Also, when one compares Lords of the Underground to other East Coast rap groups that came out at that time – Wu-Tang Clan, Mobb Deep, Onyx, Black Moon – their style pales in comparison. You can definitely expect the same delivery for a lot of their tracks.
Overall, I wouldn’t necessarily recommend this album for someone who’s unfamiliar with hip-hop, but for someone who loves the East Coast hip-hop sounds of the ‘90s. Anyone who loves those rough, rugged rhymes over funky, hard-hitting beats will enjoy this record, especially if they’re fond of the boom bap style of rap. Any hip-hop head from Jersey who wants to find more artists other than Queen Latifah, Naughty by Nature, and Redman will need to look no further. This album appeals to the hip-hop head who sometimes just wants dope rhymes and flow and not too much substance. The album isn’t necessarily for commercial appeal, but strictly for the streets. It shows that Jersey in the ‘90s still had something to say. ANDRES
RIYL: Onyx, Naughty By Nature, Redman, Black Moon
Rec Trax: 4, 6, 7, 8, 9, 10, 11, 12
Wendy's - We Beefin'? EP:
Here’s the thing.
Normally at KXSC, we strive to give you quality content and musical reviews. While I could’ve reviewed the new Tory Lanez and told you something about OVO, or how the sophomore album is pretty solid. Maybe talk about Logic and his new mixtape sans the shocking and somewhat awkward divorce he’s experiencing. Hey - I could’ve talked about the new Jeremih EP (Wale dropped one too). But no. I’m bringing you something that I will accept full judgement on. The Wendy’s mixtape, We Beefin?
Wendy’s has been the thrower of all shade. Period. Her fiery tweets single handedly decimate McDonald’s on a daily basis - and for a company that prides itself on being fresh, I gotta give it to them, the mixtape is, well... fresh.
Now, note to Sean, our music director - this is fast-food rap but I will FIGHT for Wendy in saying that this tape goes hard!!
Coming in at 5 hot tracks, the beats to this entire EP S-L-A-P. Granted, it’s generic trap music that was probably ripped from a song catalogue, I think it bumps. Lyrics though? When Wendy poignantly states: “You No. 1? That's a joke / Why your ice cream machine always broke?/“ in “Rest in Grease” I FELT that. Overall, the EP is a complete joke. Yes, Sean, it is fast-food rap. It is punny and at times corny, but you gotta give it to the marketing and social team at Wendy’s. It’s innovative and even Billboard picked up the story. BILLBOARD.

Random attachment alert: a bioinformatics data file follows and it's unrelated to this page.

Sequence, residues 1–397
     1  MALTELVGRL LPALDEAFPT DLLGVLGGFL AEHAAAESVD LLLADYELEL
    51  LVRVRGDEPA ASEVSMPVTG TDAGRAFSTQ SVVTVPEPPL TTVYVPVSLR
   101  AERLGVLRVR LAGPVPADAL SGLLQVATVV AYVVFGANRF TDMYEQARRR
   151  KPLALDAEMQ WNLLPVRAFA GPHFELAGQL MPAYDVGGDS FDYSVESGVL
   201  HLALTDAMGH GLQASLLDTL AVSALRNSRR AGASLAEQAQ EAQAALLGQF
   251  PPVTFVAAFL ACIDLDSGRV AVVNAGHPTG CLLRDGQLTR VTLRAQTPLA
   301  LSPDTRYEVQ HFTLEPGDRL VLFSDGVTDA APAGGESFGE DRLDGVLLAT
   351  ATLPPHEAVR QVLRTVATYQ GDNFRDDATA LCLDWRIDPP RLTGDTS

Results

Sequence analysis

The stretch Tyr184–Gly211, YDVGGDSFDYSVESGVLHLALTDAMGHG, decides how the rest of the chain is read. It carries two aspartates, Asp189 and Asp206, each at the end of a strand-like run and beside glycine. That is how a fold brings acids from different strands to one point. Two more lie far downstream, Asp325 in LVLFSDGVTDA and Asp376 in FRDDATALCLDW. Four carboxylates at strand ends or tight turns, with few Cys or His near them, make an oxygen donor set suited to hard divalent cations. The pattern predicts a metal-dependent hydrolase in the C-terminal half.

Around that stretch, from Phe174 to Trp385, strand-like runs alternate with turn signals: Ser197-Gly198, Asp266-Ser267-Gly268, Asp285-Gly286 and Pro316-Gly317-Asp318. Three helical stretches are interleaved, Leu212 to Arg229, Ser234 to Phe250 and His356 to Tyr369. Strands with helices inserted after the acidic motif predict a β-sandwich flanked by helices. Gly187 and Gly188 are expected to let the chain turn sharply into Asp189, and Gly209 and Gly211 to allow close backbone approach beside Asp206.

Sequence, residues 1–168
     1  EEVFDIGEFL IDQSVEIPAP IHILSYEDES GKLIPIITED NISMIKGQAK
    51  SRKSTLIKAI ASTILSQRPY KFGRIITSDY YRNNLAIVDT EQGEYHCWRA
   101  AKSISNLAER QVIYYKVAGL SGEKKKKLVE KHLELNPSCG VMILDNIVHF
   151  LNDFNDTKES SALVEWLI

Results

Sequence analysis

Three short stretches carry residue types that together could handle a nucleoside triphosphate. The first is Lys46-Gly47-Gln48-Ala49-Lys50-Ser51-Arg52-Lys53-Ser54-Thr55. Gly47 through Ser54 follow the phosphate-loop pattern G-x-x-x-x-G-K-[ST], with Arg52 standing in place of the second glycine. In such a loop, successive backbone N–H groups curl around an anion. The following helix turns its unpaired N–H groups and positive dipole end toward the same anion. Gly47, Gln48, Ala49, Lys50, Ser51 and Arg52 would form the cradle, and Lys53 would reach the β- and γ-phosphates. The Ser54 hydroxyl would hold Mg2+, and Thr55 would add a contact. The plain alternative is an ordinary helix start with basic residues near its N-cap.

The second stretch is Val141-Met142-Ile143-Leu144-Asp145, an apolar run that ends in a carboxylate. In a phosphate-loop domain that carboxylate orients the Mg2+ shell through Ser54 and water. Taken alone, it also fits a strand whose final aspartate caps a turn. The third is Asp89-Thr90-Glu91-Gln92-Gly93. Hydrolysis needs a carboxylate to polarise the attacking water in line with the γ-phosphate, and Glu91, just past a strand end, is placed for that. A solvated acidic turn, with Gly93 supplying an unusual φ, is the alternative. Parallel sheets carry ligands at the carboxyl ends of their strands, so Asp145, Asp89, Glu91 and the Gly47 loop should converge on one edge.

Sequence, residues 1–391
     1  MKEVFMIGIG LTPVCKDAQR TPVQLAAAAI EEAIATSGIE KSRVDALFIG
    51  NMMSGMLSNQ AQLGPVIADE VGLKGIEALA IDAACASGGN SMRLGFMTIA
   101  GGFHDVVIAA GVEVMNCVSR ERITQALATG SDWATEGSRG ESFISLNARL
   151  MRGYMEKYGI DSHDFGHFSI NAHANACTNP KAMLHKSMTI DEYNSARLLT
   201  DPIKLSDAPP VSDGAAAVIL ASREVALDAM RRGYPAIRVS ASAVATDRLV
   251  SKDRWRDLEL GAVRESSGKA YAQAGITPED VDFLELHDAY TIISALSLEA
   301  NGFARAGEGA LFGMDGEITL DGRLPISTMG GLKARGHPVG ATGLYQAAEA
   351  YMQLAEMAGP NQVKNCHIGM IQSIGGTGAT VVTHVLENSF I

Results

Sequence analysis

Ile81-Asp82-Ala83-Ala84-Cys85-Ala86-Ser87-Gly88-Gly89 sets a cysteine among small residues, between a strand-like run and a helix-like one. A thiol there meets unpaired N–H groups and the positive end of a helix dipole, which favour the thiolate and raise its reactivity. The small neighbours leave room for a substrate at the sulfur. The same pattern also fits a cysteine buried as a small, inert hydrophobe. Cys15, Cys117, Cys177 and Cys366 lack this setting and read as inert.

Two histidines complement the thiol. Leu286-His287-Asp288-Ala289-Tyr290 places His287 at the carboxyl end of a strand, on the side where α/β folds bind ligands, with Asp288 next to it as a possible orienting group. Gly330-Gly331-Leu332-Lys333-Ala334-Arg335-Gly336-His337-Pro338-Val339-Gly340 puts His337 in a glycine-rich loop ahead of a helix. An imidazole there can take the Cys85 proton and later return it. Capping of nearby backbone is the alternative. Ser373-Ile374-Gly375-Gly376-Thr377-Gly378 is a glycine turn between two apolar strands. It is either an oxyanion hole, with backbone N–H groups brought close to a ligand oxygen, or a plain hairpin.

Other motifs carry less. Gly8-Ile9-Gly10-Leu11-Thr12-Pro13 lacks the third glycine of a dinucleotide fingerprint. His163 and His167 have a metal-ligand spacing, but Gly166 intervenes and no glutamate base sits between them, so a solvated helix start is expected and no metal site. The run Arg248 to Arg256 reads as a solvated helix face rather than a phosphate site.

I hope more companies make sure NOT to do this, but I’m giving it up to Wendy’s, good attempt and pretty funny. LANI
Recommended Tracks: 1, 3
BAUM - Ungodly:
BAUM is getting huge! And with good reason too! The 20-year old singer-songwriter (and student at USC!) just released her latest EP, Ungodly, which contains some of the catchiest dance-pop anthems I’ve ever heard. Her song “This Body” has been stuck in my head all week. I can’t believe that someone this talented is still in college at USC! She’s the type of person to make you think “like…what have I done with my life?” She’s been getting a ton of great press from Billboard and Fader, and she is even on the Official SXSW 2018 playlist! BAUM’s pop tunes are feminist anthems, so check ‘em out! CHRISTINA
RIYL: MUNA, HAIM, Tei Shi, Pinky Pinky
Recommended Tracks: 1, 2, 4
FCC: 2 & 3